Jack Mason Manchester

Jack Mason, CEO of Manchester’s Inc & Co, Puts Employees First

Does it make sense for corporate CEOs to receive generous bonuses and multimillion pay packages while their employees are laid off and their businesses go under? Jack Mason, Group CEO of the Manchester-based creative, collaborative digital group Inc & Co, says that particularly now, in the midst of a pandemic, it’s time to rethink that outdated model and make employees the central focus.

Any successful leader, Jack Mason argues, draws his or her success in large part due to the quality of the people he or she hires. Building a business requires a keen eye for the best talent, Mason says, and that ability to spot and reward talent is what has made his business thrive. Those employees, with their carefully selected strengths and skillsets, collaborate on the business’ shared mission — in his case, providing a platform for digital startups so they can reach their full potential. And, Mason says, how you treat your employees speaks to your company culture and is a direct reflection on your brand. Are you the kind of business where employees feel valued, celebrated, and supported? To attract the best talent, he says, that’s the kind of culture top talent demands.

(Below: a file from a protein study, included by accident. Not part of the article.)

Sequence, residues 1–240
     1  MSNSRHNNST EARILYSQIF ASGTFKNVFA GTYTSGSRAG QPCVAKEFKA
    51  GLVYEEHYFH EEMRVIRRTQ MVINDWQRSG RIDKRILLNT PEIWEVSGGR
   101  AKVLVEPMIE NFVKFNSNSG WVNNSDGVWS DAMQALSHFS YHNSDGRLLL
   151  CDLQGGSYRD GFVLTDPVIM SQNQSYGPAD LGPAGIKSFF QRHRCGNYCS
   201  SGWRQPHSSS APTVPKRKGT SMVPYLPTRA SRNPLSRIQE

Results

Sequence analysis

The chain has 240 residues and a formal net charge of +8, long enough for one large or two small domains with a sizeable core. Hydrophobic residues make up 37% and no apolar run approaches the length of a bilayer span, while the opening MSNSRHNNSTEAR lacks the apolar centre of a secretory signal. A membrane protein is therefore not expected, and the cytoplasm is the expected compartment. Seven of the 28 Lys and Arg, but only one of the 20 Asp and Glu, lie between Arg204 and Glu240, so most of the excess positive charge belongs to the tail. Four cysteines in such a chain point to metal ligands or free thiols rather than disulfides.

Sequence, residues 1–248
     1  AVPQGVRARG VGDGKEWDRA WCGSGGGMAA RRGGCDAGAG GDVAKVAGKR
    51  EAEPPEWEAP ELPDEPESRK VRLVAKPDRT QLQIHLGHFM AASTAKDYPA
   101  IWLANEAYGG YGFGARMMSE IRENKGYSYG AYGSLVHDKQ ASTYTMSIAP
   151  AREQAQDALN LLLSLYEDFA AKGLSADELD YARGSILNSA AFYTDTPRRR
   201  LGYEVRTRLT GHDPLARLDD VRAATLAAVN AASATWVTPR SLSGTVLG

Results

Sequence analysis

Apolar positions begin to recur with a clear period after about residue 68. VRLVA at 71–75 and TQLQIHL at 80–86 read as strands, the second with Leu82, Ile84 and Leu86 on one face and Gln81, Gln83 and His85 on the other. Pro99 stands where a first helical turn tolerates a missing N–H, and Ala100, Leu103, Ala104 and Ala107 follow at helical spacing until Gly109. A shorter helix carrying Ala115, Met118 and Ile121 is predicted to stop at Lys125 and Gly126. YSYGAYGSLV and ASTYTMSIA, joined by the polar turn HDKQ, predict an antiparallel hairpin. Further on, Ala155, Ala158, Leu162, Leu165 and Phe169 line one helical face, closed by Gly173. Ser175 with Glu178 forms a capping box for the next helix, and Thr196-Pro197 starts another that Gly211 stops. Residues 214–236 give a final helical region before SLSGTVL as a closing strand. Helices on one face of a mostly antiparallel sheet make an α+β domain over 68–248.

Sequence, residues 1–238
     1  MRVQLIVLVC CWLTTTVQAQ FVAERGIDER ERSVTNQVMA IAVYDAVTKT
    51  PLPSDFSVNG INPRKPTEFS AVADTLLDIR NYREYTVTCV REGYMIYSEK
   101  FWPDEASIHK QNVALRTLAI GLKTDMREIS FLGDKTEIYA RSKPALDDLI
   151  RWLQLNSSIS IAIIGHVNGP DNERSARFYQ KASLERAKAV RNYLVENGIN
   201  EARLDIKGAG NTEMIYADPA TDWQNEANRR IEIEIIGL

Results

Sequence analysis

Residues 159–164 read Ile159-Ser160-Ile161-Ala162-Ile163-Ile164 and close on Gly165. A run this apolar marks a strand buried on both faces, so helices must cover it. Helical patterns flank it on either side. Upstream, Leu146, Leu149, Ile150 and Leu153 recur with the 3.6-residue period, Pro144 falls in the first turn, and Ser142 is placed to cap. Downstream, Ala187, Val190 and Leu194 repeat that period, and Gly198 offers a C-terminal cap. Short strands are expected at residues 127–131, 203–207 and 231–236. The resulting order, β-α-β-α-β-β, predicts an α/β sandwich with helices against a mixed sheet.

Jack Mason’s Manchester-based business collective Inc & Co is a company that prides itself on its relationships with employees and clients. Inc & Co supports a number of digital startups such as e-commerce apparel company Brass; data firm, Insight Analysis; marketing agency Neon; and on-demand laundry service Laundrapp, providing expertise around operational needs such as marketing, HR, finance, and recruitment, to allow their clients to focus on delivering services and growing their client base. Through incspaces, they also provide digital startups with unique, full-service office environments in Manchester, London, and Leeds.

His business, said Mason, is all about people. And he argues that weathering the economic downturn caused by the global pandemic means retaining the best people at all levels of the company, even if it requires a reduced bonus or pay cut for the CEO.

Jack Mason Manchester
Jack Mason, Manchester-based CEO